bonus

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English[edit]

Etymology[edit]

From Latin bonus (good).

Pronunciation[edit]

Noun[edit]

bonus (plural bonuses)

  1. Something extra that is good.
  2. An extra sum given as a premium, e.g. to an employee.
    • 2013 June 22, “Engineers of a different kind”, The Economist, volume 407, number 8841, page 70: 
      Private-equity nabobs bristle at being dubbed mere financiers. [] Much of their pleading is public-relations bluster. Clever financial ploys are what have made billionaires of the industry’s veterans. “Operational improvement” in a portfolio company has often meant little more than promising colossal bonuses to sitting chief executives if they meet ambitious growth targets. That model is still prevalent today.
    The employee of the week receives a bonus for his excellent work.
  3. (uncountable, basketball) One or more free throws awarded to a team when the opposing team has accumulated enough fouls.

Derived terms[edit]

Translations[edit]

The translations below need to be checked and inserted above into the appropriate translation tables, removing any numbers. Numbers do not necessarily match those in definitions. See instructions at Help:How to check translations.

Verb[edit]

bonus (third-person singular simple present bonuses, present participle bonusing, simple past and past participle bonused)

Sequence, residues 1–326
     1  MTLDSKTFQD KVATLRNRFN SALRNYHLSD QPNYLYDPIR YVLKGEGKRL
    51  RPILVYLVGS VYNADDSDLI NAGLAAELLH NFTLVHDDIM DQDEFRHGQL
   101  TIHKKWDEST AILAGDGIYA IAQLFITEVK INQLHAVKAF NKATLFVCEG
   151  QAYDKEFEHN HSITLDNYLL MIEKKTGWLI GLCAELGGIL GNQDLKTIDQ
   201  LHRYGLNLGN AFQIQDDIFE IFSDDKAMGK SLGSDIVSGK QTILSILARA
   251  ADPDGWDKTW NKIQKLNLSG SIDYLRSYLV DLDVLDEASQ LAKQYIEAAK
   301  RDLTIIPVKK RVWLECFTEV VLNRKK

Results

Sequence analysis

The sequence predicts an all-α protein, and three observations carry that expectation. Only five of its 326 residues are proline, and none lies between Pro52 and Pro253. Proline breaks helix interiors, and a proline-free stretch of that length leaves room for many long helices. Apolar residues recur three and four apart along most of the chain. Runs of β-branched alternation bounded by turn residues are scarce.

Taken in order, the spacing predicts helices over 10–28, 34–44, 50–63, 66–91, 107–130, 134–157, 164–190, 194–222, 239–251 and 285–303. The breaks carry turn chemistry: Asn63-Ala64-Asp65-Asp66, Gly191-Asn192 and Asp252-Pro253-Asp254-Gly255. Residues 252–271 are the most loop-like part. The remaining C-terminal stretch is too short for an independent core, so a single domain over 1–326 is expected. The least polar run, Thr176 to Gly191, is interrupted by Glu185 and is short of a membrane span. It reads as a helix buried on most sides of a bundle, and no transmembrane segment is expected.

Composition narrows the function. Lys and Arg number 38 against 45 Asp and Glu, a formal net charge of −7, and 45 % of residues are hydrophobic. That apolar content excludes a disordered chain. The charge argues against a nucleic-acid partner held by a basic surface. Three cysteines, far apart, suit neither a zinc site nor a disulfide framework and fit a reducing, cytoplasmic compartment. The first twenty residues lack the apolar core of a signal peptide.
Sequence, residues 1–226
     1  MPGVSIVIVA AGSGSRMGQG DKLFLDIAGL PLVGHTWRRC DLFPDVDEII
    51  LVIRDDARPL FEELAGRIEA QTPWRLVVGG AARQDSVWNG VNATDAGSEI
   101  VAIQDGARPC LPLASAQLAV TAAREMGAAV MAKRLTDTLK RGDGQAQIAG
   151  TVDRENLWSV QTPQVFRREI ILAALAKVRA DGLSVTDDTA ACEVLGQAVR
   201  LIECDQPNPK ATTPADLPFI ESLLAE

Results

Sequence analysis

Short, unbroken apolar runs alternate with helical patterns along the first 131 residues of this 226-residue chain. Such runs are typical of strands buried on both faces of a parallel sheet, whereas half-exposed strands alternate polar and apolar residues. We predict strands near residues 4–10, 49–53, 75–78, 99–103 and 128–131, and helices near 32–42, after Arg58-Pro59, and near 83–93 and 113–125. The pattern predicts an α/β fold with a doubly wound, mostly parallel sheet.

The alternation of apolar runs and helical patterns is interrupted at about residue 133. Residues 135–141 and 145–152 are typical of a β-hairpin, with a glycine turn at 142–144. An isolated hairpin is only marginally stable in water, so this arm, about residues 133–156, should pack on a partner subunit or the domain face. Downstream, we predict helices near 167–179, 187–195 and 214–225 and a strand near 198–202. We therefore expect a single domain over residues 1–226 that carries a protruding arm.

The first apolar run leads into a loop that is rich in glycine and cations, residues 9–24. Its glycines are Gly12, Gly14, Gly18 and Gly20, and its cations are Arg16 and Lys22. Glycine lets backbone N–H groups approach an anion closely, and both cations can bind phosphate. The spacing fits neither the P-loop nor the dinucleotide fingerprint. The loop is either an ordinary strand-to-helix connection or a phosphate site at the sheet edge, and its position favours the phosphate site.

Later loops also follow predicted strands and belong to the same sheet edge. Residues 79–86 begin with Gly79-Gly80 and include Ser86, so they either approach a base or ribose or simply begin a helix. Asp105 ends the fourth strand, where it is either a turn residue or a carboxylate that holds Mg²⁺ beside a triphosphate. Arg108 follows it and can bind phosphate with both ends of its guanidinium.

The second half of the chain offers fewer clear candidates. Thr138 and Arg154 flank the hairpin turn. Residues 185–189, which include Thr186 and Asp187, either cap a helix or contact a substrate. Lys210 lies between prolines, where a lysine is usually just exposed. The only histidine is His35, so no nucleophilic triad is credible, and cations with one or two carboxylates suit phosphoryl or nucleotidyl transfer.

1. (transitive) To pay a bonus, premium

Anagrams[edit]


Dutch[edit]

Etymology[edit]

Latin bonus (good).

Pronunciation[edit]

Noun[edit]

bonus m (plural bonussen or boni, diminutive bonusje n)

  1. A bonus, an extra or premium
  2. (by extension) Any one-off gain
  3. Good marks in a rating scale, notably to calculate an insurance premium dependent on the number of accidents

Derived terms[edit]


Finnish[edit]

Noun[edit]

bonus

  1. A bonus (something extra)
  2. A bonus (extra payment to an employee)

Declension[edit]

Synonyms[edit]


Italian[edit]

Noun[edit]

bonus m (invariable)

  1. A bonus (all senses)

Latin[edit]

Etymology[edit]

From Old Latin duenos, later duonus, from Proto-Indo-European *dew- (to show favor, revere). Some relate it to Ancient Greek δέος (déos), whence δεινός (deinós), δειλός (deilós). Compare the change from duellum to bellum (war).

Pronunciation[edit]

Adjective[edit]

bonus m (feminine bona, neuter bonum); first/second declension

  1. good, honest, brave, noble, kind, pleasant
  2. right
  3. useful
  4. valid
  5. healthy

Inflection[edit]

First/second declension.

Number Singular Plural
Case \ Gender Masculine Feminine Neuter Masculine Feminine Neuter
nominative bonus bona bonum bonī bonae bona
genitive bonī bonae bonī bonōrum bonārum bonōrum
dative bonō bonae bonō bonīs bonīs bonīs
accusative bonum bonam bonum bonōs bonās bona
ablative bonō bonā bonō bonīs bonīs bonīs
vocative bone bona bonum bonī bonae bona

This adjective has irregular comparative and superlative degrees.

Antonyms[edit]

Related terms[edit]

Noun[edit]

bonus m (genitive bonī); second declension

  1. A good, moral, honest or brave man
  2. A gentleman

Inflection[edit]

Second declension.

Number Singular Plural
nominative bonus bonī
genitive bonī bonōrum
dative bonō bonīs
accusative bonum bonōs
ablative bonō bonīs
vocative bone bonī

Descendants[edit]

External links[edit]

  • bonus in Charlton T. Lewis & Charles Short, A Latin Dictionary, Oxford: Clarendon Press, 1879